To the Editor:
What a privilege it has been to have played with the Brazil Concert Band, off and on, since I was about 17.
In my youthful days, I went to rehearsals and played in concerts mainly because I had friends there who also liked to play music. The last time I entered the band, about 10 years ago, I finally realized the importance of it in my life. I didn't know if I could even play through an entire concert without my lip giving out. But when I played the "Star Spangled Banner" for the first time in decades, tears came to my eyes, and I was hooked!
I had to keep doing this!
The "privilege" is that I get to sit in with band directors, school music teachers, private music teachers, members who even have their own musical groups, and those who have played professionally in the area for years. In general, it is filled with people whose souls are kept alive by these weekly doses of music.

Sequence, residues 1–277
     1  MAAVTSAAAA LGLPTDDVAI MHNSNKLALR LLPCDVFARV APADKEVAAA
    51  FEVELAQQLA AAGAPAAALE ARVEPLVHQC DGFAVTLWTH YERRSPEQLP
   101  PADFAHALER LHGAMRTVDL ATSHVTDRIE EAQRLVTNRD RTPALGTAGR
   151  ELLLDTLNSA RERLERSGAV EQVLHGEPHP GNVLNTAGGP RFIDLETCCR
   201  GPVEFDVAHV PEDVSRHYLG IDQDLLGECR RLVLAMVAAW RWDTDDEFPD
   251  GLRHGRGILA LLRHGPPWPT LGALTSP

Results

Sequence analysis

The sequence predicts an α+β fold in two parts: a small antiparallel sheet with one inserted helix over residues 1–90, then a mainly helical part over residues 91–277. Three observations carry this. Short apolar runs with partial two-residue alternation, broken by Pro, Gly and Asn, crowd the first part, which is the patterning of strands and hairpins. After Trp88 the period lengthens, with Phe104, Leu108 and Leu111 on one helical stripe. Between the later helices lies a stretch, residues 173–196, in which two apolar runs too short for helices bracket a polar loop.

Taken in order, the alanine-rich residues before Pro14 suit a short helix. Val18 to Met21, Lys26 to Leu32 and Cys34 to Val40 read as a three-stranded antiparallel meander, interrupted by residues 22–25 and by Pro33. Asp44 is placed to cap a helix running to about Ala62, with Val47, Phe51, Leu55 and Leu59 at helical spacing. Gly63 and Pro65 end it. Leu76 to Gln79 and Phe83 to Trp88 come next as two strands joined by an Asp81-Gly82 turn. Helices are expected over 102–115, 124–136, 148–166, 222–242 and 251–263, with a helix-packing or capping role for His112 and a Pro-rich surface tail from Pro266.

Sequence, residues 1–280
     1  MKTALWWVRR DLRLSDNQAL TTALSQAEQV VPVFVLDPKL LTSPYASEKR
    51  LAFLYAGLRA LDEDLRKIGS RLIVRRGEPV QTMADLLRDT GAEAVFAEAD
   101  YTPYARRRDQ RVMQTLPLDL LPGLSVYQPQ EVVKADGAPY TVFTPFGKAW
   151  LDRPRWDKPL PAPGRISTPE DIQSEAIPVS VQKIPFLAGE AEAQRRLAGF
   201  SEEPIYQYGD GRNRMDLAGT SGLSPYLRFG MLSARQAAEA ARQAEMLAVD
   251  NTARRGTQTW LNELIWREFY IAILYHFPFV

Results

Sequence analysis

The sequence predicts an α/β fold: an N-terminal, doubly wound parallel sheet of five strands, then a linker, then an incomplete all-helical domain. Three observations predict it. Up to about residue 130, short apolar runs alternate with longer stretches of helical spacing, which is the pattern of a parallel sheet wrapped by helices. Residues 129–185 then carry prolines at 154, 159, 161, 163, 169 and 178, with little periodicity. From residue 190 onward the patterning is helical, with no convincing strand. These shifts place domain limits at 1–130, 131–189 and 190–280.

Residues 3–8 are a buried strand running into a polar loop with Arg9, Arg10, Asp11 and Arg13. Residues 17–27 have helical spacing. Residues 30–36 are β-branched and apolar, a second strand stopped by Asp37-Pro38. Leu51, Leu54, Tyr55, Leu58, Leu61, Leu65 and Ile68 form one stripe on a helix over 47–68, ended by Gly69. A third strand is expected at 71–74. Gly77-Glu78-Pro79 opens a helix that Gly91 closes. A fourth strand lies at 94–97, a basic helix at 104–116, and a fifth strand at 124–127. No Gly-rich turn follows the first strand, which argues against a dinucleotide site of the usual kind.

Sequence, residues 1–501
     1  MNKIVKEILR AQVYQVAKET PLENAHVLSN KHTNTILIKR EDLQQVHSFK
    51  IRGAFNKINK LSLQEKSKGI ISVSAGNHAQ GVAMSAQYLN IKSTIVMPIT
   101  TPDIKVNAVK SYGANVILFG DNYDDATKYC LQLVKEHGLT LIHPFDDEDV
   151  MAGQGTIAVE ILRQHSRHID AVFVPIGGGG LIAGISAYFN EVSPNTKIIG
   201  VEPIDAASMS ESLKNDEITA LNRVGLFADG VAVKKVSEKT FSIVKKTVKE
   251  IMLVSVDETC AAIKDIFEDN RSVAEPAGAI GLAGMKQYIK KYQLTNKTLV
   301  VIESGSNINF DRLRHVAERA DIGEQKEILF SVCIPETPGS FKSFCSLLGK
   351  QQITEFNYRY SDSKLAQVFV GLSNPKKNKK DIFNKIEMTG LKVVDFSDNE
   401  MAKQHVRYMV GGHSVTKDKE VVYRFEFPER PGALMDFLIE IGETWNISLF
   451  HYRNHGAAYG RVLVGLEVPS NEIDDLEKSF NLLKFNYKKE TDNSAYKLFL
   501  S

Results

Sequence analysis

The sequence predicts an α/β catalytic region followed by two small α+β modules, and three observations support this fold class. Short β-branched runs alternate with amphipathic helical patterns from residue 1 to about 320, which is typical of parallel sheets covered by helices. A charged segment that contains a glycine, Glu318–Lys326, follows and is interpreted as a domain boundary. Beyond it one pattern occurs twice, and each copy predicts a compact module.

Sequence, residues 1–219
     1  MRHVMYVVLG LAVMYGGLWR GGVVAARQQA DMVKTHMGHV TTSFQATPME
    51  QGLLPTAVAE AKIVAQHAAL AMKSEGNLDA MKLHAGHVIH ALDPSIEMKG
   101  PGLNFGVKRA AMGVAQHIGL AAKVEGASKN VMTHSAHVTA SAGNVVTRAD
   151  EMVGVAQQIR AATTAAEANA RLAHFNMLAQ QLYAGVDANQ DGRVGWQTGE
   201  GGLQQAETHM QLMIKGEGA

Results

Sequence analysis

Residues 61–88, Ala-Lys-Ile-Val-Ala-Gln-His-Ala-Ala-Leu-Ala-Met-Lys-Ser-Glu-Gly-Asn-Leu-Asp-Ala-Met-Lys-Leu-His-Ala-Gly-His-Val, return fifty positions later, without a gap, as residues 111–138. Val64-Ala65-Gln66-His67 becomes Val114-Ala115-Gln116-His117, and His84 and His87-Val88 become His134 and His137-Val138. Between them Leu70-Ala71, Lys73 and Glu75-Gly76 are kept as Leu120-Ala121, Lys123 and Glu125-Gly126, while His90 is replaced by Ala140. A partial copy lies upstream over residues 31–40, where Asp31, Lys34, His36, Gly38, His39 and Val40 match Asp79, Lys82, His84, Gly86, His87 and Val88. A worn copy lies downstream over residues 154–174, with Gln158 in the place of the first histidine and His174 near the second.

You might think they would not take their playing seriously and just goof off. I can't think of any one of us who doesn't give his or her best on every concert.
My "best" is far below the quality that so many of these fine musicians produce. However, even I have managed to bring my skill level up considerably and sharpen my sight-reading ability so that I actually play better now than I ever did before. That's the effect this band has on us.
To my left is a player who is over 80-years-old. To my right is a teenager who will be a junior in high school. Brazil is so fortunate. Not only because we have a conglomerate of great talent, and not just because we play music in the park on Sundays. Not even because we have really appreciative and supportive audiences. The city is fortunate because the band is a huge, living, breathing musical instrument that has a "mix" of experience and new blood to keep it alive and sustain it well into the future.
Of course, we all know who the catalyst is for this enormous amount of action and reaction. The initials M.H. don't even need explaining, except to say, the heart of the band beats in time with his baton.
Thanks, all of you really fine musicians and fine friends who always welcome new members (and even us "old" ones).
You are appreciated not only by your audience but also by your fellow members.